war.—^: r. MmL BMord, Feb. 1, 1872.

book for the student, and a useful book of reference
for the general praetiUoaer.— ^. ¥, MstL Journal,
Feb. 187i.

It gives us great pleasure to call the attention of the
profession to thisexeellent work. Our knowledge of
its talented and accomplished author led us to expect
from him a very valuable treatise upon subjects to
which he has repeatedly given evidence of having pro-
fitably devoted much time and labor, and we are In no
way dieappointed.— PAiia. Mtd. Times, Web. 1, 187S.

piRRIE ( WILLIAM), F. R, S, E.,

•^ Professor c/ Surgery in the University of Aberdeen.


JoHir Neill, M. D., Professor of Surgery in the Penna. Medical College, Surgeon to th«
Pennsylvania Hospital, Ac. In one very handsome ootayo volume of 780 pages, with 316
illnatrations, extra cloth. $8 76.


Frqfessor of Noctures and Dislocations, Ac, in BeUemte Bosp. Med. College, Ifeto York.

TIONS. Fourth edition, thoroughly revised. In one large and handsome octavo rolume
oi nearly 800 pages, with several hundred illustrations. Extra cloth, $5 75 ; leather, $0 76.
{Just Issued. )
It is nut, of course, our intention to review in ex-

Utiso, Hamilton on "Fractures and Dislocations."

Eleven years ago such review might not have been

out of place ; to-day the work is an authority, so well,

so generally, and so favorably known, that it only

remains for the reviewer to say that a new edition is

Jnst out, and it is better than either of its predeces-

wn.—Oineinnati Clinic, Oct. 14, 1871.

Undenbtedly the best work on Fractures and Dis>
locations in the English language.— OVneinnotf Med.
Repertory, Oct. 1871.

We have once more before us Dr. Hamilton's admi-

rable treatise, which we have always considered the
most complete and reliable work on the Hubjeot. As
a whole, the work is without an equal in the litera-
ture of the profession. — £o«<on Jfeet. and Sura,
/ottm.,Oct. 12, 1871. ^

It is unnecessary at this time to commend the book,
except to such as are beginners In the study of this
particular branch of surgery. Eyery practical sur-
geon in this coantry and abroad knows of it a« a most
trustworthy guide, and one which they, in common
with us, would unqualifiedly recommend as the high-
est authority in any laaguaifb.— i^. T. Med. Record,
Oct. 16, 1871.




Diagnosis, Pathology, and Treatment. With iUtutrationf. In one Urge And handaoae
octavo volame of about 600 pages, extra oloth. $3 60. ^^ ^ ^^T^

digitized by VjOOQ IC

28 Henrt C. Lea's PuBUOATioNfl — (Surgery),


•*-* Pro/fisgor of Surgery in UniverHty ColUget London, ete,

THE SCIENCE AND ART OF SURGERY; being a Treatise on Sur-

gical rnjuries, Diseases, and Operations. Revised bj the author from the Sixth aei
enlarged English Edition. Illustrated by over seven hundred engravings on wood. In
two large and beautiful octavo volumes of over 1700 pages, extra cloth, $9 00 ; leather,
$11 00. {Juu Ready.)

Anthor^t Prtfaee to tks Nmf Amenean Edition.

*' The favorable reception with which the ' Science and Art of Surgery' has been honored br the
Surgical Profession in the United States of America has been not onlj a source of deep gratifies
tion and of just pride to me, but has laid the fbundation of many professioiiAl friendships that
are amongst the agreeable and valued recollections of my life.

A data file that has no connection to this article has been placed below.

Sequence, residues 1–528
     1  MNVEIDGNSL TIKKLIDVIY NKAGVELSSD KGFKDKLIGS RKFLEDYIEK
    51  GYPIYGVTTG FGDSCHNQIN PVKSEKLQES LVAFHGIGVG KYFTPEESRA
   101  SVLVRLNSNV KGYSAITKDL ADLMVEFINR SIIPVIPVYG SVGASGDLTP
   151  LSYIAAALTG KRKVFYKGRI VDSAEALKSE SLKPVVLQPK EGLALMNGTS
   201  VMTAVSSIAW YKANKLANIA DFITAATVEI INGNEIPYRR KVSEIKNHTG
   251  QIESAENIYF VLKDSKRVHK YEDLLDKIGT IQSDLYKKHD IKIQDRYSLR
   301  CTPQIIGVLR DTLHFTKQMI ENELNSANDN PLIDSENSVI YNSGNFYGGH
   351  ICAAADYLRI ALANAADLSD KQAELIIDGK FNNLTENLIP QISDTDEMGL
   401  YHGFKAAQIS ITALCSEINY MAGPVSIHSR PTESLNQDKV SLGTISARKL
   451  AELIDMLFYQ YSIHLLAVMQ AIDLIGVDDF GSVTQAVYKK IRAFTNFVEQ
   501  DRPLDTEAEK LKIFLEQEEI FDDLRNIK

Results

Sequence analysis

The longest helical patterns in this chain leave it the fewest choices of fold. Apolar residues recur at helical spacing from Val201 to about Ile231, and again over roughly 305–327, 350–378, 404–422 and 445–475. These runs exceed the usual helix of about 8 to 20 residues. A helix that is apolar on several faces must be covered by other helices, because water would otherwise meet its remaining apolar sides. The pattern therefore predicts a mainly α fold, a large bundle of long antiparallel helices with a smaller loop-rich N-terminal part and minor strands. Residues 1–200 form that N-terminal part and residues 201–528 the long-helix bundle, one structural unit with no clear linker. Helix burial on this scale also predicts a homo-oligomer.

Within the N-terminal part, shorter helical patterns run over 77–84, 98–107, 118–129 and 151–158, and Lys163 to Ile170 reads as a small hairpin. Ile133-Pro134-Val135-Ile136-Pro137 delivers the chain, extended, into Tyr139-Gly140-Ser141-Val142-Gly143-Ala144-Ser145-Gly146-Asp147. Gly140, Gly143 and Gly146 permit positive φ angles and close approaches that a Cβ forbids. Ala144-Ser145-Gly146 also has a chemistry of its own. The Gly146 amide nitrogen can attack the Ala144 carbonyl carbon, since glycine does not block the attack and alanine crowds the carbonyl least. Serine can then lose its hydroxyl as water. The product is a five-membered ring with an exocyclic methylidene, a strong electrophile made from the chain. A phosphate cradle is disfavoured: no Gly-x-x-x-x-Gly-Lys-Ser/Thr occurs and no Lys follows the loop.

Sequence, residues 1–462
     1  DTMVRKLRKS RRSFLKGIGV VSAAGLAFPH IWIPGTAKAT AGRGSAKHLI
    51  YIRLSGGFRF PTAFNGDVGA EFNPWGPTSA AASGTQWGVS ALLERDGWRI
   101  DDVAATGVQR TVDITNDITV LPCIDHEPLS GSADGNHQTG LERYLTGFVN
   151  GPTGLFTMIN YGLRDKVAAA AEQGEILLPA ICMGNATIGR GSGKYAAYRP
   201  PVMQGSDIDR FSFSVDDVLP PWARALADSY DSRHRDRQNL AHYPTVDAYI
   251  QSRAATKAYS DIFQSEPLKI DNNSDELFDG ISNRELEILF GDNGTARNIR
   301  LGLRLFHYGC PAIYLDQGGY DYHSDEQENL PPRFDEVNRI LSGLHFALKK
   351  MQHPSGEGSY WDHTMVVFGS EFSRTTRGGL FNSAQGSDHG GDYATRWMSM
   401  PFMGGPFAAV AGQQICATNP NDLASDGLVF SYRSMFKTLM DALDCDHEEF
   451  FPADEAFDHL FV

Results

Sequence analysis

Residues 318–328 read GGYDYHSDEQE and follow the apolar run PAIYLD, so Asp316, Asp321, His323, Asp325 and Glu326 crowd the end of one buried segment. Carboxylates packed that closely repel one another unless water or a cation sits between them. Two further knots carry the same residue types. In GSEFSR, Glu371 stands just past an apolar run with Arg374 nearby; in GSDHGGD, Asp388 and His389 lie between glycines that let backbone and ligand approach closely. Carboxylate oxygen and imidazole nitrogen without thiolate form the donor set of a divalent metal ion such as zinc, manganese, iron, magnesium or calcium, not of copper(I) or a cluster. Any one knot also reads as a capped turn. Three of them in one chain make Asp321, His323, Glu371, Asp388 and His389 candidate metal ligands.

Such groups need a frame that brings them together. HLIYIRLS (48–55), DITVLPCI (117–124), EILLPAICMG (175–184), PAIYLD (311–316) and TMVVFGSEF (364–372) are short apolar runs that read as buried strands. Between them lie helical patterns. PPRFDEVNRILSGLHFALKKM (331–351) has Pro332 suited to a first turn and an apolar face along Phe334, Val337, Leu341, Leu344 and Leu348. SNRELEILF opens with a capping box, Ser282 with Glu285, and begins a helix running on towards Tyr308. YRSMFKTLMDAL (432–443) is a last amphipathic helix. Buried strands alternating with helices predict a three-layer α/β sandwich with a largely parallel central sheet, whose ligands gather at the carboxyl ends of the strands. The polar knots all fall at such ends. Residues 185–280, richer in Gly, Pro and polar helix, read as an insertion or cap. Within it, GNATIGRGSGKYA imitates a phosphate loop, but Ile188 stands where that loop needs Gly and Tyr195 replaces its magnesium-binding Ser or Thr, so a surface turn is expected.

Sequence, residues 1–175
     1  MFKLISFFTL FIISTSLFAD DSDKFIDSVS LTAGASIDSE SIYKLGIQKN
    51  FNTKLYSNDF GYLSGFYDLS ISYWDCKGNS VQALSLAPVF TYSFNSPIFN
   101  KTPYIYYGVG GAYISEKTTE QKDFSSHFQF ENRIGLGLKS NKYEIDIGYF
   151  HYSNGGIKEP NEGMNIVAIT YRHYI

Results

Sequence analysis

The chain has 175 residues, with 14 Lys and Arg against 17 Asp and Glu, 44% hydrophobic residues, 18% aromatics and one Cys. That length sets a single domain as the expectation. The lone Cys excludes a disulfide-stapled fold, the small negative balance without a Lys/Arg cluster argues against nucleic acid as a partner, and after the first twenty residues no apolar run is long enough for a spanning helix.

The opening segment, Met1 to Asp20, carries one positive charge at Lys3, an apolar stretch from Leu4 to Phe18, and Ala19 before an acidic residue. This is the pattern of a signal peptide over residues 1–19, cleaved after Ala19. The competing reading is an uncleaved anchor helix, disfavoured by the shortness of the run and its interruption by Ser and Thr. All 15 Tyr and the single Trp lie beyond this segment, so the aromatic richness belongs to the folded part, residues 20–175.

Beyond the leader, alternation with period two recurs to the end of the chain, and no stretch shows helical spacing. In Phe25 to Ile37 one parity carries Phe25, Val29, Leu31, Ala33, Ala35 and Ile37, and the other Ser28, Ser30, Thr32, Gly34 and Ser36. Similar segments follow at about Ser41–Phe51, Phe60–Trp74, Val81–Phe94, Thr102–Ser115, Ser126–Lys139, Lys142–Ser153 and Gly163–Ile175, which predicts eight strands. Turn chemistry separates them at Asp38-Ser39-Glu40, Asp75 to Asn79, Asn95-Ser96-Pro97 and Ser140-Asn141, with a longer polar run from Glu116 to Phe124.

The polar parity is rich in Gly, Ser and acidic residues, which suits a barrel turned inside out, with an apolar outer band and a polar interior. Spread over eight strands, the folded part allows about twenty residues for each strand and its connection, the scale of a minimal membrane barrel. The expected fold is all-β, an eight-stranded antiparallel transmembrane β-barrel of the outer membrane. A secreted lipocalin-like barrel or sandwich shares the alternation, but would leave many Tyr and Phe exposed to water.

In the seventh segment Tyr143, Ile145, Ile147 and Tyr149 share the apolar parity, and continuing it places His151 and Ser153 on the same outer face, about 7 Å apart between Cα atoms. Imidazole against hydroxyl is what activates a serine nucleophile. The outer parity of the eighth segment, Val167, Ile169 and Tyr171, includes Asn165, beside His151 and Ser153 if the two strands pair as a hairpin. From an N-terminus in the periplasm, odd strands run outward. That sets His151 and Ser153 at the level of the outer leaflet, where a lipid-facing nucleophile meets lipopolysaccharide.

"I have endeavored to make the present edition of this work more deserving than its predeeessor*
of the favor that has been accorded to them. In consequence of delays that liare unavoidably
occurred in the publication of the Sixth British Edition, time has been afforded to me to add to this
one several pnragraphs which I trust will be found to increase the praetieal value of the work."
LoN do:*, Oct. 1 S72.

On no former edition of this work has the anthor bestowed more pains to render it a complete and
satisfactory exposition of British Surgery in its modem aspects. Every portion has been sedu-
lously revised, and a large number of new illustrations have been introduced. In addition to the
material thus added to the English edition, the author has furnished for the American edition saeh
material as has accumulated since the passage of the sheets through the press in London, so that
the work as now presented to the American profession, contains his latest views and experienee.

The increase in the sise of the work has seemed to render necessary its division into two vol-
umes. Great care has been exercised in its typographical execution, and it is eonfidesily pre-
sented as in every respect worthy to maintain the high reputation which has rendered it a stand-
ard authority on this department of medical science.

These are oaly a few of the points la whieh the states In his preface, they are not eonfined loaay ob«
present edition of Mr. Ericheea's work sarpanseii ita portion, bat are distributed geaerally throagh tk«
predecesMors. Throiighoat there is evidence of a sabjecle of which the work treats. Certainly one of
laborloas care and solicitude in seizing the passing ' the roo^t valuable sections of the book &eeras to us to
knowledge of the day, which reflects the greatot be that which treats of the disease* of the arteri^
credit on the author, and much enhances the value and the operative proceedings whieh they neeeKitat*.
of his work. We can only ad mire the indnstry which In few text-books Is so mach carefully arranxed fa-
hss enabled Mr. Eriohsea than to snoceed, amid the formation eollected.— 'Xoadoa Jfed. TUnm^ana Qoi ,
distractions of active practice, in producing emphatic- , Oct. 26, 1872.

ally THB book of reference and study for British prRC- The entire work, eomplete, as the great Bagllsh
tltloners of sargery.-LQndon Lancet, Oct. 26, 1872. ! treatlseonSurgery of our own time, i^ we can as^an

Considerable changes have been made In this edi- oor readers, equally well adapted for the raoet jaoior